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  35. The Solution is Easy.Mark Joseph Schmid - 1942 - New York and Cincinnati, Frederick Pustet Co..
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  36. The Possibility of Knowledge • by Quassim Cassam • Oxford University Press, 2007. X + 256 Pp. £32.00 Cloth: Summary. [REVIEW]Quassim Cassam - 2009 - Analysis 69 (2):307-309.
    An epistemological how-possible question asks how knowledge, or knowledge of some specific kind, is possible. Familiar epistemological how-possible questions include ‘How is knowledge of the external world possible?’, ‘How is knowledge of other minds possible?’ and ‘How is a priori knowledge possible?’ These are the three questions that I tackle in my book. In each case, I explain how and why the question arises and propose a way of answering it. The main negative claim of the book is that transcendental (...)
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  37. Quantity, Quality, and the Function of Knowledge.Hartley B. Alexander - 1905 - Journal of Philosophy, Psychology and Scientific Methods 2 (17):459-464.
  38. Must Science Validate All Knowledge?Lynne Rudder Baker - 2003 - In Anthony J. Sanford (ed.), The Nature and Limits of Human Understanding: The 2001 Gifford Lectures at the University of Glasgow (Gifford Lectures, University of Glasgow 2001). T & T Clark (London).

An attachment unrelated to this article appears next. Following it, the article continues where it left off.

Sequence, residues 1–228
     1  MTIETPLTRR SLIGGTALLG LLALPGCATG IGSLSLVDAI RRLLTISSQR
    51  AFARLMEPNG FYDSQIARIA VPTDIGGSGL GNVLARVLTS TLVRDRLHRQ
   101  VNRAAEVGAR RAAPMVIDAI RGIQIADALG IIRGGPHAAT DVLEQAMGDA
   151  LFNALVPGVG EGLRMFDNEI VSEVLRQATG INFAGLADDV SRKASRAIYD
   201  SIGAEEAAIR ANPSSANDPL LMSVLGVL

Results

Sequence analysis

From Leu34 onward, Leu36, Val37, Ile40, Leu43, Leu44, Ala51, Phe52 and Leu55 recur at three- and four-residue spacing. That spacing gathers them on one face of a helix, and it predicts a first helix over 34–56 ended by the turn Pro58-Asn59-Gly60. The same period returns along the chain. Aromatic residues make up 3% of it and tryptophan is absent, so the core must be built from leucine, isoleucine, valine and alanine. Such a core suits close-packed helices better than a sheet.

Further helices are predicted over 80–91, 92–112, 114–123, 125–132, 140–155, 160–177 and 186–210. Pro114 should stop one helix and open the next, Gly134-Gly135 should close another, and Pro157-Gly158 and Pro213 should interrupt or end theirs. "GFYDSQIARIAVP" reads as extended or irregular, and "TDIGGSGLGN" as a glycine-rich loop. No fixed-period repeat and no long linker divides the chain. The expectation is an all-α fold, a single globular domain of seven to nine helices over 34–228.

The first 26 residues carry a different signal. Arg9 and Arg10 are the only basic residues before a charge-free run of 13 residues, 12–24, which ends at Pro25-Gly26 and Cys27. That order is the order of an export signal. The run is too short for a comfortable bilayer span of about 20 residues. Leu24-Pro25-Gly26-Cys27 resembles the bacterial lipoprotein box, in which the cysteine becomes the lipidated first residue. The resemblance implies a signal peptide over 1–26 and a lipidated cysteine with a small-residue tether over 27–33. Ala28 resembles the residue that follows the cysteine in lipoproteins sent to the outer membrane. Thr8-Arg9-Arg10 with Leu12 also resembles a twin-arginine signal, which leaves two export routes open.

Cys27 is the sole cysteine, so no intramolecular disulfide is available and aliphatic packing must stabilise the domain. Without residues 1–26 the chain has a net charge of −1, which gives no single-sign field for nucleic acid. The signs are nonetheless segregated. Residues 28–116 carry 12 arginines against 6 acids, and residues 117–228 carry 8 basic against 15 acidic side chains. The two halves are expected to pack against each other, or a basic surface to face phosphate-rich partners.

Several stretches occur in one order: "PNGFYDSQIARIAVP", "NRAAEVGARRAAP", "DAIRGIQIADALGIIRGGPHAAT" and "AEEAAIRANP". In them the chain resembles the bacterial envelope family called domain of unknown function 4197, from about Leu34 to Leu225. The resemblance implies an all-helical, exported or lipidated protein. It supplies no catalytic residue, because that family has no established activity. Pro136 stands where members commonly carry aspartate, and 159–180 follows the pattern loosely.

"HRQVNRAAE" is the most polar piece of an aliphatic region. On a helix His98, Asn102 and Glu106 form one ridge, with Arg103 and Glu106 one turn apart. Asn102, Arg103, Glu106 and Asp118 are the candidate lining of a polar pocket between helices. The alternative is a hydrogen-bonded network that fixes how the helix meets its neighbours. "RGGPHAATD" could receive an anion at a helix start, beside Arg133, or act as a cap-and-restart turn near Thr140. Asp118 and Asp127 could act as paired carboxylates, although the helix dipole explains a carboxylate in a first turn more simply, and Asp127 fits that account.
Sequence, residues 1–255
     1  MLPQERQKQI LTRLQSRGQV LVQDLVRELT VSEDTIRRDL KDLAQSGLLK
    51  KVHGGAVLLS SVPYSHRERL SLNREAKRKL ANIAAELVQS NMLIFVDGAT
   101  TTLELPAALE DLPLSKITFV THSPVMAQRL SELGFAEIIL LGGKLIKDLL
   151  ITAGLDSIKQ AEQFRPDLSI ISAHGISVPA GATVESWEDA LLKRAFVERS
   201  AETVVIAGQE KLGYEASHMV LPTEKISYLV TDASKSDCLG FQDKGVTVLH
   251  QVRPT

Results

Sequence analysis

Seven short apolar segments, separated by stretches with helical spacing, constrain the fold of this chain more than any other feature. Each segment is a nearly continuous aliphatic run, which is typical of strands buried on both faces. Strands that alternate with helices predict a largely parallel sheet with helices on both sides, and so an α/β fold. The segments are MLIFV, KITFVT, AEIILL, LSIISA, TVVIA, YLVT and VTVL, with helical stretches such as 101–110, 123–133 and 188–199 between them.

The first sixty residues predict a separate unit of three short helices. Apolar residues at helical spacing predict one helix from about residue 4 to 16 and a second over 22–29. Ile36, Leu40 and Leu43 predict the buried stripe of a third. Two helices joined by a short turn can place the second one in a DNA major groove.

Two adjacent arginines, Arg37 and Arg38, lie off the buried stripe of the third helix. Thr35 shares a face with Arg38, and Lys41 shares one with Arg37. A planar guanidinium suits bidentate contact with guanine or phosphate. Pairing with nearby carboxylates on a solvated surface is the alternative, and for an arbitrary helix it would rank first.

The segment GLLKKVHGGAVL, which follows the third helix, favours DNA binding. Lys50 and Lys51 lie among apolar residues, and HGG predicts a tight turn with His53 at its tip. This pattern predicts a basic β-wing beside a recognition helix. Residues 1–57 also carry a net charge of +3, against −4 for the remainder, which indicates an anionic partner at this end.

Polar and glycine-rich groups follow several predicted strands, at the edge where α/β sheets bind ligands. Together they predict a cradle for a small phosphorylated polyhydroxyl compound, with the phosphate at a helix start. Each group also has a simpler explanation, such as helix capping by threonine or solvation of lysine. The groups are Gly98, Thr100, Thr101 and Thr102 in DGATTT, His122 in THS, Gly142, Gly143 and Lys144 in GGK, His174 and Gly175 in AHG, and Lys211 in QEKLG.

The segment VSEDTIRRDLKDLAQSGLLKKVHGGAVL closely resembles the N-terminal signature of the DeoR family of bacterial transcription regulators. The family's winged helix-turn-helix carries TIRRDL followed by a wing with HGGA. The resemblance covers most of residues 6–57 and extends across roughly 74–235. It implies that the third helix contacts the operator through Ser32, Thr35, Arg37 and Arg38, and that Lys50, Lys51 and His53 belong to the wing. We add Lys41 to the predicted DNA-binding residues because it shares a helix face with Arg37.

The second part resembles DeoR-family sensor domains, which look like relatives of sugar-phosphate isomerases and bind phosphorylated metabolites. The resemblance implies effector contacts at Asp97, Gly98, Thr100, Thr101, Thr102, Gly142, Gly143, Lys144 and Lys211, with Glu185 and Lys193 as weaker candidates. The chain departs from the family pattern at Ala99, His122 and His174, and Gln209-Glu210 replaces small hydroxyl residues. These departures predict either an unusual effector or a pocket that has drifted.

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  39. Doubt, Belief, and Knowledge.Sibajiban Bhattacharyya - 1987 - Indian Council of Philosophical Research in Association with Allied Publishers.
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  40. Basic Knowledge.Allen Buchanan - 1976 - Philosophy and Phenomenological Research 37 (1):101-108.
  41. Signification and Truth Epistemology at the Crossroads of Semantics and Ontology in Augustine's Early Philosophical Writings.Laurent Cesalli & Nadja Germann - 2008 - Vivarium 46 (2):123-154.
    This article is about the conception of truth and signification in Augustine's early philosophical writings. In the first, semantic-linguistic part, the gradual shift of Augustine's position towards the Academics is treated closely. It reveals that Augustine develops a notion of sign which, by integrating elements of Stoic epistemology, is suited to function as a transmitter of true knowledge through linguistic expressions. In the second part, both the ontological structure of signified (sensible) things and Augustine's solution to the apparent tautologies of (...)
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  42. Historicism and Knowledge.Robert D'Amico - 1989 - Routledge.
    A critical account of the case for historicism from Popper to Foucault, this volume, originally published in 1989, shows the viability of an historicist account of knowledge by replying to traditional objections and the need for defenses of realism and reference at the heart of most alternatives to historicism. The book provides insights to those in philosophy as well as literary criticism, intellectual history, history of science, and cultural criticism.
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  43. Adaptive Knowing: Epistemology From a Realistic Standpoint.James Kern Feibleman - 1976 - M. Nijhoff.
    The problem of knowledge.--The acquisition of knowledge.--The assimilation of knowledge.--The deployment of knowledge.--Knowing, doing and being.--Absent objects.--The mind-body problem.--The knowledge of the known.--The subjectivity of a realist.--Activity as a source of knowledge.--On beliefs and believing.--Adaptive responses and the ecosystem.--The reality game.